benefit from the tender offer, that information is indeed material and needs to be disclosed. If a
director lobbies in favor of the transaction without disclosing this information, this conduct could
be viewed as: (1) failure to disclose “material” information or simply self-dealing.

        What’s not clear, however, is how the director’s breach of fiduciary duty will impact the
transaction. Will the breach result in a loss of the safe-harbor or perhaps a loss in the tender
offer as a whole? If the safe harbor is lost, is there any way to cure the situation?

        There is another variation of these facts that is also worth considering. Suppose the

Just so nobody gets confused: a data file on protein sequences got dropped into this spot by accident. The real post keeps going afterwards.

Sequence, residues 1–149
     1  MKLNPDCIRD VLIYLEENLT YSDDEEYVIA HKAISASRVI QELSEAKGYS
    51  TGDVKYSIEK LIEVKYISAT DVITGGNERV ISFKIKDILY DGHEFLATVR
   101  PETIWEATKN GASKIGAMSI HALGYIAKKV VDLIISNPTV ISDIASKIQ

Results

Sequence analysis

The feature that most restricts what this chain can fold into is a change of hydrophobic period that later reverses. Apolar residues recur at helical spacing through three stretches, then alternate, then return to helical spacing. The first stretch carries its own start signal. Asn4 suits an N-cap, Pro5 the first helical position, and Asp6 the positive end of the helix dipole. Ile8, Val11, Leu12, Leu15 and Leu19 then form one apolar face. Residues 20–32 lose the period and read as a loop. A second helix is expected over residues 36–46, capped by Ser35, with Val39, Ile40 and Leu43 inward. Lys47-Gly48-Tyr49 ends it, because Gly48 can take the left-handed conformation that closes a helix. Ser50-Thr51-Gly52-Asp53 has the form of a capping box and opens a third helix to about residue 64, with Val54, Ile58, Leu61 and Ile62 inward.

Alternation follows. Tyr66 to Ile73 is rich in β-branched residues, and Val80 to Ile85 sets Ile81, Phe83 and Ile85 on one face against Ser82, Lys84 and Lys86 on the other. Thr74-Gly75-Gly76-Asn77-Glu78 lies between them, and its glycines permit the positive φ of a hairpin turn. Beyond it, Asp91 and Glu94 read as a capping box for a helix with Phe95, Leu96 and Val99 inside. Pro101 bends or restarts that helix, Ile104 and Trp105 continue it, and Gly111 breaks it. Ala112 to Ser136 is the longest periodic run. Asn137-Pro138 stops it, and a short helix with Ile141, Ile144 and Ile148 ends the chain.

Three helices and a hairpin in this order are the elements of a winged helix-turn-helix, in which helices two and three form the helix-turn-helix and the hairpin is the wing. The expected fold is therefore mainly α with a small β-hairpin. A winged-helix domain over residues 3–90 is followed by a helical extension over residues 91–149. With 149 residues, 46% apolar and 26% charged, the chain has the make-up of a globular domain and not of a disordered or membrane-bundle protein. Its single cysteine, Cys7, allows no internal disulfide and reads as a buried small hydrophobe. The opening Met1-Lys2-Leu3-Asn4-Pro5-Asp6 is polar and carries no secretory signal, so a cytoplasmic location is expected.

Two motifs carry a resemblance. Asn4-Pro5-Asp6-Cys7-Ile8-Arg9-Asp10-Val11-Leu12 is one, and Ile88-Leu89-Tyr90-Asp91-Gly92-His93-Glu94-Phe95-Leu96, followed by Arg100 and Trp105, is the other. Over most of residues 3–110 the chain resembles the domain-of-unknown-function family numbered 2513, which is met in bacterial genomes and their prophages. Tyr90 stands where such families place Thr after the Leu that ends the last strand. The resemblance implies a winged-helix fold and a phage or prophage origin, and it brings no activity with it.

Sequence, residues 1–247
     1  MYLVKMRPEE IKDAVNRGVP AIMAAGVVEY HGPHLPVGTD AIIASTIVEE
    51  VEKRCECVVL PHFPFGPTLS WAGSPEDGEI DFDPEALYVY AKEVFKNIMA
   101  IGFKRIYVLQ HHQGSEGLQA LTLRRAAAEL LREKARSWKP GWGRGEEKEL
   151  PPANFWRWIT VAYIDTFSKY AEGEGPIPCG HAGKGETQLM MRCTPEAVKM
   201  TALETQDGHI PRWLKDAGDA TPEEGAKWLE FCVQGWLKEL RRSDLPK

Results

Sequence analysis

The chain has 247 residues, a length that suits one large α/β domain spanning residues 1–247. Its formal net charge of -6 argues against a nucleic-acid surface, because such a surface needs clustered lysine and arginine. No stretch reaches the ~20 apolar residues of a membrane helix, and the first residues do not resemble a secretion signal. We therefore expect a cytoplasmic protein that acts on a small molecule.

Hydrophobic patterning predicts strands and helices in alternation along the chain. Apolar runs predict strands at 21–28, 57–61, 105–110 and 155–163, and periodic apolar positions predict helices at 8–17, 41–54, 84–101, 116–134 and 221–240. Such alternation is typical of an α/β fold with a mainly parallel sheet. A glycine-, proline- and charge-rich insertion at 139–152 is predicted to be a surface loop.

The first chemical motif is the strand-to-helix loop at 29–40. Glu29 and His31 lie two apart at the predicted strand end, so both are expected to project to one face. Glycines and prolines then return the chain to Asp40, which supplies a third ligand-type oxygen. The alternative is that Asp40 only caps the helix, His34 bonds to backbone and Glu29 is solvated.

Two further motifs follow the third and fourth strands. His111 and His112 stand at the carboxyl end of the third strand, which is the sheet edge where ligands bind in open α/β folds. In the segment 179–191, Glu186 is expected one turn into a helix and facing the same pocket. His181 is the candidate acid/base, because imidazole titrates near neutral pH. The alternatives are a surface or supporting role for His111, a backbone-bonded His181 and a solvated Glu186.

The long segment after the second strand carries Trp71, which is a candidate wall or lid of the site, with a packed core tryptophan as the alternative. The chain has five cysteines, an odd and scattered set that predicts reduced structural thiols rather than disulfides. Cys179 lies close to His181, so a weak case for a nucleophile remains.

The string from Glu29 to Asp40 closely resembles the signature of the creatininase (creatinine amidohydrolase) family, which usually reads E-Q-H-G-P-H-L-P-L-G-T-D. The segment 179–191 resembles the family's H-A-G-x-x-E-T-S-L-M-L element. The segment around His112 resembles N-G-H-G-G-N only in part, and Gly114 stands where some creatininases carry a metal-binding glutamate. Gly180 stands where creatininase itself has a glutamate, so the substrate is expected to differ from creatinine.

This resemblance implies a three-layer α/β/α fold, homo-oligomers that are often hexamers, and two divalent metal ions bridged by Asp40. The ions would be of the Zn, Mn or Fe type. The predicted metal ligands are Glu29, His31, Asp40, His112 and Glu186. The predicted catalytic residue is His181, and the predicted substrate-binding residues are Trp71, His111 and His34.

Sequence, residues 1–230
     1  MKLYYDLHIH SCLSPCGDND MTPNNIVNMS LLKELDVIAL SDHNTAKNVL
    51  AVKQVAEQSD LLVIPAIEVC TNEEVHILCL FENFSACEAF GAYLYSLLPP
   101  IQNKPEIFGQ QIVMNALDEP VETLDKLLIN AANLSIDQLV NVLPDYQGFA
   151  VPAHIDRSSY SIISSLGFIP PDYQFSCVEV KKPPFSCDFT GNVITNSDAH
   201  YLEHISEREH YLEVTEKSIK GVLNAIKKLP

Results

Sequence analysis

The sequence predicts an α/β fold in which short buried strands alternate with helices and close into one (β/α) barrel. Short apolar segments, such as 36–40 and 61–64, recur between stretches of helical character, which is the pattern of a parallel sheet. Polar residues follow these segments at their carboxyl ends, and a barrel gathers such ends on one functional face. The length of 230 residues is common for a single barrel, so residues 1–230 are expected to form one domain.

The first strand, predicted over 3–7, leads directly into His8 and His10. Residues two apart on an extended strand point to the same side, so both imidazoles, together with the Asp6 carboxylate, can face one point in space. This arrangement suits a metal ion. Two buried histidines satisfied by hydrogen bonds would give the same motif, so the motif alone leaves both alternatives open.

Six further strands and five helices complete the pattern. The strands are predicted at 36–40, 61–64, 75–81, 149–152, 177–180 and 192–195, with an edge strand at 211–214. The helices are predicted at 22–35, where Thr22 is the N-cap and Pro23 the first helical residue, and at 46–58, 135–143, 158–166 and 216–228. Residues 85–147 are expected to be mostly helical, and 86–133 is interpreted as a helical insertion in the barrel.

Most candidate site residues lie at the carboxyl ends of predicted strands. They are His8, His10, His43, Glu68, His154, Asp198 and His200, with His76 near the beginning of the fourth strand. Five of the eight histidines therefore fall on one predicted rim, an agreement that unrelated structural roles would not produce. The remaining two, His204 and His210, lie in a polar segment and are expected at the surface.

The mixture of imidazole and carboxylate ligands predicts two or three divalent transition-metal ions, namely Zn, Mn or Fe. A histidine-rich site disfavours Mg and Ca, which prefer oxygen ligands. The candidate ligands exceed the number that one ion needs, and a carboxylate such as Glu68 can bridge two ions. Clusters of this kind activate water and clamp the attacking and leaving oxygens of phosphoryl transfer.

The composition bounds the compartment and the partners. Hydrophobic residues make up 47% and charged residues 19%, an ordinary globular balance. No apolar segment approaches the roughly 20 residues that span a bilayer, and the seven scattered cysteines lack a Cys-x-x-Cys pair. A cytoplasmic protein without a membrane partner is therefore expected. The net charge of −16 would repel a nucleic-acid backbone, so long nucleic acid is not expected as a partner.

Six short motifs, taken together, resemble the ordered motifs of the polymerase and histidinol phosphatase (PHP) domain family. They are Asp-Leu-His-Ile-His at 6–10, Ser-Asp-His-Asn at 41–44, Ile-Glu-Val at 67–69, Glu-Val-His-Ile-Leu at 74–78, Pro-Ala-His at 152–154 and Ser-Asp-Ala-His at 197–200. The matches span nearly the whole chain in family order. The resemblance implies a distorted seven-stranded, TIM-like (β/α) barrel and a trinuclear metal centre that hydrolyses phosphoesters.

interested officer/director beneficially owns a large stake in the target company and refuses to
tender (simply as a means of avoiding the best-price rule altogether or because the compensation
committee has refused to grant the necessary approval) and his failure to tender causes the tender
offer to be undersubscribed and thereby fail. Could this potentially be viewed as self-dealing or a
violation of the duty of loyalty? (Of course, this would only affect employees/directors who own
or control a significant portion of the company’s shares).

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         In each scenario described above, the alleged breach of fiduciary duty resulted from the
director’s conduct; not because the new rule is somehow flawed. In both cases, the director’s
failure to disclose caused the breach.

3. Why are issuer tenders offers not included in the compensation safe-harbor?